Living laneways: Designing better solutions to urban space

Living laneways: Designing better solutions to urban space

An architectural collaboration is repurposing and re-embracing Melbourne’s iconic laneways to connect them with surrounding communities, and challenge notions of how and where we live.

Australian cities have no shortage of laneways, either in city streets or backing on to suburban housing blocks, but many of them are underutilised and overlooked when it comes to development.

MINI Living – Invert 3.0, a collaborative project between RMIT University, MINI , Green Press and City of Melbourne is seeing the potential offered by these underused urban corridors.

Emerging and established architects and Master of Architecture students were invited to find new ways to use the spaces.

They seized the opportunity to design a multipurpose secondary living space at the rear of a suburban house in Melbourne suburb Northcote, that answered a growing need for increased flexibility and community interaction.

Scale models of their designs will be - fittingly - displayed at CBD laneway venue Rapha Melbourne from 13 – 17 November.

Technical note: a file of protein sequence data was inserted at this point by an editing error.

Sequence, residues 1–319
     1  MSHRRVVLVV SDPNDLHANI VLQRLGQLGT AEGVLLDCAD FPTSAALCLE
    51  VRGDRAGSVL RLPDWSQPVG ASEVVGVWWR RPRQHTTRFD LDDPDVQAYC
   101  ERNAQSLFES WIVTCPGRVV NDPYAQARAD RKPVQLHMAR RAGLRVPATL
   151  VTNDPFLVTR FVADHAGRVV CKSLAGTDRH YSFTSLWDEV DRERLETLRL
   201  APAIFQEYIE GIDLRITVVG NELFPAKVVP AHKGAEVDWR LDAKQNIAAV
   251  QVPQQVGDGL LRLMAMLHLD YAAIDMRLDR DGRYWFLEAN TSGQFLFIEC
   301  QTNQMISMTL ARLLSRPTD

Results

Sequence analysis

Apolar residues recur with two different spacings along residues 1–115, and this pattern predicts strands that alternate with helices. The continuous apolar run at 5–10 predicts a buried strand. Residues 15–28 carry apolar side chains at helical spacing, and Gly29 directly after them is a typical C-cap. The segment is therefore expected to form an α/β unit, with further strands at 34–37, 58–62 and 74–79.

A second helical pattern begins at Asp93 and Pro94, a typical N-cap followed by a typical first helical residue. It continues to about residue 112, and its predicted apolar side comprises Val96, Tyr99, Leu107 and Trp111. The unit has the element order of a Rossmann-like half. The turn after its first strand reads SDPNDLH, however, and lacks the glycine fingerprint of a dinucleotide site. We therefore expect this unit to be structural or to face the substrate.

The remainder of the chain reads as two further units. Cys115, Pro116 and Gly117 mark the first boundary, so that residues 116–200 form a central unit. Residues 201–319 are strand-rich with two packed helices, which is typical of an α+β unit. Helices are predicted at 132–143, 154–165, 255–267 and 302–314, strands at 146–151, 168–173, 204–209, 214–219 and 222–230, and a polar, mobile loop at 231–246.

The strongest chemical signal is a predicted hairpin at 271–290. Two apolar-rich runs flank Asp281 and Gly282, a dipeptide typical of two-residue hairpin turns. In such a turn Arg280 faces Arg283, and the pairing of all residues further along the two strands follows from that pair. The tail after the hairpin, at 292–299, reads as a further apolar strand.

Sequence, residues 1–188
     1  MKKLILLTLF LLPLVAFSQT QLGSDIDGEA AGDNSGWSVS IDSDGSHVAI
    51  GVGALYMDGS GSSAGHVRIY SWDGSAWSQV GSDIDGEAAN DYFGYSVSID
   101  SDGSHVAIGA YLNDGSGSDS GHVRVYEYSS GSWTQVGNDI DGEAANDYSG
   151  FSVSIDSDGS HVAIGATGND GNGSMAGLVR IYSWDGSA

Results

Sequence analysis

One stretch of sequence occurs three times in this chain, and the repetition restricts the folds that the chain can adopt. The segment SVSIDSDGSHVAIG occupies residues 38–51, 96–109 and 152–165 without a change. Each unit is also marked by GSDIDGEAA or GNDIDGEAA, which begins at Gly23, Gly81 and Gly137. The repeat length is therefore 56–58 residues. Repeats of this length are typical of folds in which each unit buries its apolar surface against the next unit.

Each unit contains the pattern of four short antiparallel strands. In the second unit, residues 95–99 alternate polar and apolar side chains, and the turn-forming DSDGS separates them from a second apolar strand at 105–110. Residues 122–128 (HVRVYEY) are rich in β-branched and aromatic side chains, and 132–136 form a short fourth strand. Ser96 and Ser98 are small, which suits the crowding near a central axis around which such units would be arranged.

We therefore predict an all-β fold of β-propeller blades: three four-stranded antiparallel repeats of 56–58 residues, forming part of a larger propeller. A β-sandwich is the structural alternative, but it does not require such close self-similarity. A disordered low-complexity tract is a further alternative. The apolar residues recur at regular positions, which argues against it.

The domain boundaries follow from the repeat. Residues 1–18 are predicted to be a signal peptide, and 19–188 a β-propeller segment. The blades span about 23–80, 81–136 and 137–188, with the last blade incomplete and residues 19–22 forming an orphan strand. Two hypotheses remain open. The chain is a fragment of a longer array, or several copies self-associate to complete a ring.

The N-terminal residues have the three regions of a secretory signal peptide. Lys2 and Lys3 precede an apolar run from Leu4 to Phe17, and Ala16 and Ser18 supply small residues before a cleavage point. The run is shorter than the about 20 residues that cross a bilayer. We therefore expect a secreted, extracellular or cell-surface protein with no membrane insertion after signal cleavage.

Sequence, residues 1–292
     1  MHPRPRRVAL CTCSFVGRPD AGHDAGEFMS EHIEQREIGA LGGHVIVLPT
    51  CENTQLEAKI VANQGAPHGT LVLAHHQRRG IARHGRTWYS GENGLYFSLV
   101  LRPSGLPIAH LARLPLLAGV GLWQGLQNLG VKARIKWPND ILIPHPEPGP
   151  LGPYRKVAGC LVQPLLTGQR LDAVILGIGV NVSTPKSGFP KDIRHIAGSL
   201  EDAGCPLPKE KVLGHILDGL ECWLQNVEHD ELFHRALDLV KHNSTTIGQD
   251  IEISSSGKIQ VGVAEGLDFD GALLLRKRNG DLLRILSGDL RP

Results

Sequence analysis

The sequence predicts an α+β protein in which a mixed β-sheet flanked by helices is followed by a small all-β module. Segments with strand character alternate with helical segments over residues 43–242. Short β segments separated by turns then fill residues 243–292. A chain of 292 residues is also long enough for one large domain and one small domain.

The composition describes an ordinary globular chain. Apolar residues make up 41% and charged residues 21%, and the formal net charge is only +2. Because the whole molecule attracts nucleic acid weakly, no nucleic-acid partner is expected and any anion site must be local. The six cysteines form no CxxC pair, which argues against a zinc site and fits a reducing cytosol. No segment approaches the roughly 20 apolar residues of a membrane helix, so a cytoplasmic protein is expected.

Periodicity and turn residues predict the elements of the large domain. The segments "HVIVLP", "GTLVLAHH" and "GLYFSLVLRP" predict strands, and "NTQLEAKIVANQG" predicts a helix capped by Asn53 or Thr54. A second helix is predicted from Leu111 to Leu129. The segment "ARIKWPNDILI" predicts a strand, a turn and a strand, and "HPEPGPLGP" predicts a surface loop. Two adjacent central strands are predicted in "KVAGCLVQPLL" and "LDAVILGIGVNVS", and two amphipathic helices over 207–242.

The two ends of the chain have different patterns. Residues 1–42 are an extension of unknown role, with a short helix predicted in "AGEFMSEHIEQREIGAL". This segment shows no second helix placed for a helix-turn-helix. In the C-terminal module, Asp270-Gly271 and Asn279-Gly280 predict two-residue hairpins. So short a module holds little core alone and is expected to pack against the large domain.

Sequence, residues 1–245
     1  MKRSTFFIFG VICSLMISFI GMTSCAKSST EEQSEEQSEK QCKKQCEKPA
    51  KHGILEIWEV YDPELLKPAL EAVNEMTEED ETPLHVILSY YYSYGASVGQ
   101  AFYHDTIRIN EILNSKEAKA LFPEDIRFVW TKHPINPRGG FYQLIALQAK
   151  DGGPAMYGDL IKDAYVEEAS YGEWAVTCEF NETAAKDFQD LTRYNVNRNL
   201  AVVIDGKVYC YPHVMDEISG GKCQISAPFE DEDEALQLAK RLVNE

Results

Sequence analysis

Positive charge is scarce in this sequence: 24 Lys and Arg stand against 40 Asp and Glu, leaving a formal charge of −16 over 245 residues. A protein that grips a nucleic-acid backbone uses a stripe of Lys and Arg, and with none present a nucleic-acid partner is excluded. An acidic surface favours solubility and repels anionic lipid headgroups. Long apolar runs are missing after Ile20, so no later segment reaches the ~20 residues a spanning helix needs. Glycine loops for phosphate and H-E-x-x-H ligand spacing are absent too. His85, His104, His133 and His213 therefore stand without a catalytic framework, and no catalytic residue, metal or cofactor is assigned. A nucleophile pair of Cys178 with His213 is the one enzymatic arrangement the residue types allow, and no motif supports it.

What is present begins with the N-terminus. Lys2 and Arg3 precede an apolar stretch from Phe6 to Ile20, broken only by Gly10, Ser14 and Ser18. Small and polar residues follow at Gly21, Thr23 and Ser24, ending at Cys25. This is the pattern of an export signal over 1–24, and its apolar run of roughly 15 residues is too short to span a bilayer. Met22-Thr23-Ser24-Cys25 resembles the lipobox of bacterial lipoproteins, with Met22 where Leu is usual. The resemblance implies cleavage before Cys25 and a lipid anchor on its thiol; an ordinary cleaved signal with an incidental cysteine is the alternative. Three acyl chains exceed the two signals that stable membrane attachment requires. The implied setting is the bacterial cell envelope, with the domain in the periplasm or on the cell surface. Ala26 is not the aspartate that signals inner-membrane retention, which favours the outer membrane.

A model produced by RMIT Architecture students

Alongside the architects’ submissions, the students will present their research, drawings and larger-scale 2.5 square metre models - including a design for a shared “forest” between neighbouring properties.

The project marks the third year that RMIT students had been invited to come onboard the industry-led collaboration.

School of Architecture and Urban Design Program Manager and Master of Urban Design Lecturer Ian Nazareth said the continuing involvement of RMIT students provided a platform for the next generation of designers to share their ideas.

“The project allowed students to work collaboratively on research and design with industry partners to offer new solutions to pressing issues of housing affordability and urban density, as well as creating and nurturing new urban communities,” he said.

Architecture student Cody McConnel said his design proposal - housing for exchange students - aimed to repurpose the laneway space to create a stronger sense of community and culture.

“We need to design smarter for the future – we can’t just keep expanding,” McConnel said.

Green Magazine editor Tamsin O’Neill said that the exhibition highlighted the virtues of laneways, and expanded the inner-city laneway model to the suburbs.

Story: Jasmijn van Houten

12 November 2019

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12 November 2019

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  • Student experience
  • Industry
  • Architecture
  • Urban Design

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